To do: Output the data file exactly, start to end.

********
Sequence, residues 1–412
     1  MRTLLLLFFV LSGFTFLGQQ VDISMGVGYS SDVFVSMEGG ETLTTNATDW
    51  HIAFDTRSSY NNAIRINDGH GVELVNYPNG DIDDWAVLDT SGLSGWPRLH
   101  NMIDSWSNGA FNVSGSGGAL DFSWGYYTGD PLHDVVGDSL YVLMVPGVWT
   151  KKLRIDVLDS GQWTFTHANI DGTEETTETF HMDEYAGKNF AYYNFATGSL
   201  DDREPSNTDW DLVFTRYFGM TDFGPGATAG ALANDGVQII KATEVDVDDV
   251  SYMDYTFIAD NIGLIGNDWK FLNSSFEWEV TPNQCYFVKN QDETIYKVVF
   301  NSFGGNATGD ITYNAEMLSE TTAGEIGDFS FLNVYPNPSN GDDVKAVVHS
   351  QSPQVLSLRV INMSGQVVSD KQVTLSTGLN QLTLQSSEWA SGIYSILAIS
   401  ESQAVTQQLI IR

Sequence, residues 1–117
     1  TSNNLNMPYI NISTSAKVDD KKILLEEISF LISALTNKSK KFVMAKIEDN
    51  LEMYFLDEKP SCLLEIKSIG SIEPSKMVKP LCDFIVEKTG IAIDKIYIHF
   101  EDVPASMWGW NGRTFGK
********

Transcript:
Sequence, residues 1–412
     1  MRTLLLLFFV LSGFTFLGQQ VDISMGVGYS SDVFVSMEGG ETLTTNATDW
    51  HIAFDTRSSY NNAIRINDGH GVELVNYPNG DIDDWAVLDT SGLSGWPRLH
   101  NMIDSWSNGA FNVSGSGGAL DFSWGYYTGD PLHDVVGDSL YVLMVPGVWT
   151  KKLRIDVLDS GQWTFTHANI DGTEETTETF HMDEYAGKNF AYYNFATGSL
   201  DDREPSNTDW DLVFTRYFGM TDFGPGATAG ALANDGVQII KATEVDVDDV
   251  SYMDYTFIAD NIGLIGNDWK FLNSSFEWEV TPNQCYFVKN QDETIYKVVF
   301  NSFGGNATGD ITYNAEMLSE TTAGEIGDFS FLNVYPNPSN GDDVKAVVHS
   351  QSPQVLSLRV INMSGQVVSD KQVTLSTGLN QLTLQSSEWA SGIYSILAIS
   401  ESQAVTQQLI IR

Sequence, residues 1–117
     1  TSNNLNMPYI NISTSAKVDD KKILLEEISF LISALTNKSK KFVMAKIEDN
    51  LEMYFLDEKP SCLLEIKSIG SIEPSKMVKP LCDFIVEKTG IAIDKIYIHF
   101  EDVPASMWGW NGRTFGK